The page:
Imperial College London

Phasing out coal power makes economic sense, says new analysis of global future

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A possible future energy mix

New infographics show what changes in our energy sources are required to keep global warming below the internationally agreed goal of 2 degrees C.

The UK has pledged to shut its 12 coal-fired power stations by 2025, but the most cost-effective way to avoid dangerous levels of climate change could mean the early closure of most of the world’s coal power plants by 2030, according to new research led by four top climate science institutions.

Researchers simulated different ways to meet the energy demands of a growing world population over the twenty first century, whilst limiting global warming by restricting the amount of carbon dioxide emitted in generating this energy.

The window of opportunity to limit warming to 2°C is narrowing.

– Ajay Gambhir

The new findings show that, if we are to achieve the international goal of limiting warming to no more than 2°C above average temperatures before the industrial revolution, then the least expensive way of doing so is to close a significant number – and perhaps all – coal power stations by 2030.   

The researchers have produced two infographics summarising their findings on the changes in our energy sources required to keep global warming below the internationally agreed goal of 2°C, and the economic case for such a rapid change.

The research is part of the 'AVOIDing dangerous climate change' (AVOID 2) programme led by the UK's Met Office, alongside the Grantham Institute (Imperial College London), Tyndall Centre for Climate Change Research (University of East Anglia), and Walker Institute (University of Reading), in collaboration with a number of other leading climate change and energy research institutes.

What will it take to reach a 2°C world

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This graphic highlights that it is 30 per cent more expensive to achieve the 2OC goal if globally coordinated action to reduce carbon emissions starts in 2030, compared to a case where it starts sooner in 2020.

The analysis crucially shows that this ten-year delay would also require the low-carbon power plant technologies to be rolled out at around double the rate.

AVOID 2 researcher, Ajay Gambhir, from the Grantham Institute at Imperial College London, said: "The window of opportunity to limit warming to 2°C is narrowing, and the greater the delay before global coordinated action begins, the more costly, more technically challenging, more risky, and ultimately less feasible it becomes."

The research uses a number of established computer models that asses the range of different technologies and fuels used in the global energy system, to determine how the mix would change over time as humans put a stop to greenhouse gas emissions. Their analysis shows how some of the lowest cost scenarios involve no coal power by 2030, even if that means shutting down generators before the end of their expected life.

Possible future energy mixes

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Rather than coal power, low-carbon electricity would be generated by renewable sources such as wind, hydropower, solar and biomass, as well as nuclear power plants and gas plants with carbon capture and storage (CCS) technology.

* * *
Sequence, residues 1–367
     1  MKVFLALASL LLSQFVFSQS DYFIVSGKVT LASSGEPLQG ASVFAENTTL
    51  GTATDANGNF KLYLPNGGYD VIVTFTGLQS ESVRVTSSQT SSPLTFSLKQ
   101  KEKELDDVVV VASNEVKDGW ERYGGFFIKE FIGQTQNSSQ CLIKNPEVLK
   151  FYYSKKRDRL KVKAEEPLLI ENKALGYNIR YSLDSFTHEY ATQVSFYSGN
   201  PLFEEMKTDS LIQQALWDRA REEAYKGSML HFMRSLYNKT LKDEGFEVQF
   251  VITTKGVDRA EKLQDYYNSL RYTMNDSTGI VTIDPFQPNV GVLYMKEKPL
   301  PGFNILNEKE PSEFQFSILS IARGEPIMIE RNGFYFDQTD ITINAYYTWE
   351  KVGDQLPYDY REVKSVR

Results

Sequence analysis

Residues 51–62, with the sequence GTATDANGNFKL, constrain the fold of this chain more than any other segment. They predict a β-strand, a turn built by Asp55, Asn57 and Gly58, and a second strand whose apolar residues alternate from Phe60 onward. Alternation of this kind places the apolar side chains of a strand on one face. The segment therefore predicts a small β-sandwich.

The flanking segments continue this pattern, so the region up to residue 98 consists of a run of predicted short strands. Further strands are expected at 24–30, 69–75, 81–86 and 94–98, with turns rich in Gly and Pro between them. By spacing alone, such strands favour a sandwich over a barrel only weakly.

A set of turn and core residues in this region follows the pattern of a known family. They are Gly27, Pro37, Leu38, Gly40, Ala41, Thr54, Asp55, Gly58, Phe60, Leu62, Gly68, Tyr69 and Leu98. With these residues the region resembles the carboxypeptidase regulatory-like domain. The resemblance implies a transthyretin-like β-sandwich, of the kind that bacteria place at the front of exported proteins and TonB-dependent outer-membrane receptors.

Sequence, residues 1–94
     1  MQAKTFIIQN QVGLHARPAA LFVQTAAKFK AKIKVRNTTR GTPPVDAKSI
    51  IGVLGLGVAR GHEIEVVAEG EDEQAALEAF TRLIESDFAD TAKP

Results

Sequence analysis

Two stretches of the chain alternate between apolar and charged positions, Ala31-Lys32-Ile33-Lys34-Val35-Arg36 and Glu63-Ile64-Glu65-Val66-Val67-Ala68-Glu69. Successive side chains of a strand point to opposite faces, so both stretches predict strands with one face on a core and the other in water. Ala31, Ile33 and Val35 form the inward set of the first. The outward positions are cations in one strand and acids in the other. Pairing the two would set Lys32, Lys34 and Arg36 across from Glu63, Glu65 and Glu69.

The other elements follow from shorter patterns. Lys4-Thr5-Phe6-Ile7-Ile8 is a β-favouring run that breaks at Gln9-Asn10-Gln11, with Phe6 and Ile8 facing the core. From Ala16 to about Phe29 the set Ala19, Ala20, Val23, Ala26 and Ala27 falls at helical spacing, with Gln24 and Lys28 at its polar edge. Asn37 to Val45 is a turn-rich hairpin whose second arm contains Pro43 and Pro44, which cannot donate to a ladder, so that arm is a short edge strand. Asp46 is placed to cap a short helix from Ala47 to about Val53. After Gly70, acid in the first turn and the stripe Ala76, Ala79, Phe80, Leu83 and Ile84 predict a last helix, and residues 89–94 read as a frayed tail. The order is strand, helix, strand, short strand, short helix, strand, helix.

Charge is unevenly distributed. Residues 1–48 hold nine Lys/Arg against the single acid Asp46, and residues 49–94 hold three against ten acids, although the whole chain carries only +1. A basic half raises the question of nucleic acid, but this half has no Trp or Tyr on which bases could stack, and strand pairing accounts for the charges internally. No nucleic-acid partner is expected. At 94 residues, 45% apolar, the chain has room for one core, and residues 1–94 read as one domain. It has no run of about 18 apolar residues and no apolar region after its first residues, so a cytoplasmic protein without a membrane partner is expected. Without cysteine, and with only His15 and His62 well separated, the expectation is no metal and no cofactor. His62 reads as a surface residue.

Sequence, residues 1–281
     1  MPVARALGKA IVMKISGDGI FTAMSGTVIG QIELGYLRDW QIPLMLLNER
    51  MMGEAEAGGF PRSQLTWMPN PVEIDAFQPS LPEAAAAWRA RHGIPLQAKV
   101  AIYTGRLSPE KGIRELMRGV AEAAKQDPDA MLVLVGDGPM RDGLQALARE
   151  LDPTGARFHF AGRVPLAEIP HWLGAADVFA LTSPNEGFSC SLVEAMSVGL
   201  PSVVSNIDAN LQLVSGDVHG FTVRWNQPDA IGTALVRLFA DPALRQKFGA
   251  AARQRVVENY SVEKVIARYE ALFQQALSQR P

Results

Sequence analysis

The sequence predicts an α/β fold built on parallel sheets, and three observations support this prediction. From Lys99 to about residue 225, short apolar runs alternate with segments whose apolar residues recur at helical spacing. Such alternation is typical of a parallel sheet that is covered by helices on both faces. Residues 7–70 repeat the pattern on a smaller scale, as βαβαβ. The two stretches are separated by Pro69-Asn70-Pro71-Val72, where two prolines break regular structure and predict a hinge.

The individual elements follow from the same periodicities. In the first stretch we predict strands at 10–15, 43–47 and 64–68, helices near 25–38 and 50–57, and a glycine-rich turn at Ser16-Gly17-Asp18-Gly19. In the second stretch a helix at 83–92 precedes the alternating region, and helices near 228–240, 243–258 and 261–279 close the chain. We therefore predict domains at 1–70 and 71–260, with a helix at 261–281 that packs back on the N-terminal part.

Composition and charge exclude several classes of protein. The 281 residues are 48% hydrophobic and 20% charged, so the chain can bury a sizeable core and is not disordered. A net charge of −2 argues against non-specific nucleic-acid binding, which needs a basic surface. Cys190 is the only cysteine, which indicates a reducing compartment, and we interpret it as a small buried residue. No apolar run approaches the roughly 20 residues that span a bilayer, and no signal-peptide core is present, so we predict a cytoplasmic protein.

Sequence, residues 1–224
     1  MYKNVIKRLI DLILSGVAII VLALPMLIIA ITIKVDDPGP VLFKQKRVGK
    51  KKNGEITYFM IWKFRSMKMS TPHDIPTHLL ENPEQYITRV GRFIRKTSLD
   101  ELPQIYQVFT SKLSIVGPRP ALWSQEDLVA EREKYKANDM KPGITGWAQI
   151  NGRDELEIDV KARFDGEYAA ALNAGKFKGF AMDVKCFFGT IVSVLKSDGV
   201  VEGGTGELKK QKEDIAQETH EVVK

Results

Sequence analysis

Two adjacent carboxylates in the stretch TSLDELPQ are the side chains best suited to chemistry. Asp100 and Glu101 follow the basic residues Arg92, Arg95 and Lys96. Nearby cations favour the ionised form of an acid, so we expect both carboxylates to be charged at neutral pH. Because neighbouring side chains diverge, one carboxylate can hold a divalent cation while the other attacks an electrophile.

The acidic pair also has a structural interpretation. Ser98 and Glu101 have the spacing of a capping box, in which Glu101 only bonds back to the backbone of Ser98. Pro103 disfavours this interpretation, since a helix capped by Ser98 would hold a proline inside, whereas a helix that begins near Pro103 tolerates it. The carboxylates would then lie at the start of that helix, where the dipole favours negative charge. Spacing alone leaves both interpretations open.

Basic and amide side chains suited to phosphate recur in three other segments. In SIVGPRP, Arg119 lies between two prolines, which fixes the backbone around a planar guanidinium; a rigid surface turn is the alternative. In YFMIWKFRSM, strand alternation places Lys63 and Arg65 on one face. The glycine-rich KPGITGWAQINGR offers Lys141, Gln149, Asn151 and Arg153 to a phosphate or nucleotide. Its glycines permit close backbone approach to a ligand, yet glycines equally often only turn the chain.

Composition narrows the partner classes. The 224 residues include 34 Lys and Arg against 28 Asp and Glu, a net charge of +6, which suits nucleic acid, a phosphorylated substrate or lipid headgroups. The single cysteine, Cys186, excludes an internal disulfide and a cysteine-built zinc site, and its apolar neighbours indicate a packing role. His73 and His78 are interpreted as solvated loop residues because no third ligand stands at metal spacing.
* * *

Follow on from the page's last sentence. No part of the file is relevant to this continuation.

Mr Gambhir said: "It is still possible to achieve the 2°C goal by reducing carbon emissions from human activities, but the historical data about how fast new energy technologies have been developed and deployed suggests that we are facing a significant, probably unprecedented, challenge.

"For example one of the most rapid emissions reduction episodes in recent history followed the deployment of low-carbon technologies in the wake of the 1970s oil crisis, when Sweden reduced its emissions by 4 per cent per annum between 1973 and 1983. We will need to achieve this rate of emissions reduction at a global level throughout the 2020s if we’re to achieve the 2°C goal. If we delay action until 2030, this rate would need to be around ten per cent, which is hugely challenging.” 

According to the simulations, the share of electricity generated from burning fossil fuels would need to be reduced from the current 60 per cent to 15 per cent, or less, by 2100. Furthermore, any new fossil fuel power plants built after 2030 would increasingly have their emissions captured by CCS technology.

Mr Gambhir said: "The key is to ensure that – globally - as few new coal plants as possible are built now, so that the plants on the system in 2030 are near the end of their lifetime, and to ensure that all new plants can be retrofitted with CCS wherever possible. We should be aiming to emit as little carbon as possible from now on if we’re serious about the 2°C target, so it is not the time to be investing in carbon-intensive technologies like coal."

AVOID 2 was funded by the UK Department for Energy and Climate Change (DECC), the Department for Environment, Food and Rural Affairs (DEFRA) and the Natural Environment Research Council (NERC), and developed under the Living With Environmental Change (LWEC) partnership.

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Simon Levey

Simon Levey
The Grantham Institute for Climate Change

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Tel: +44 (0)20 7594 5650
Email: s.levey@imperial.ac.uk

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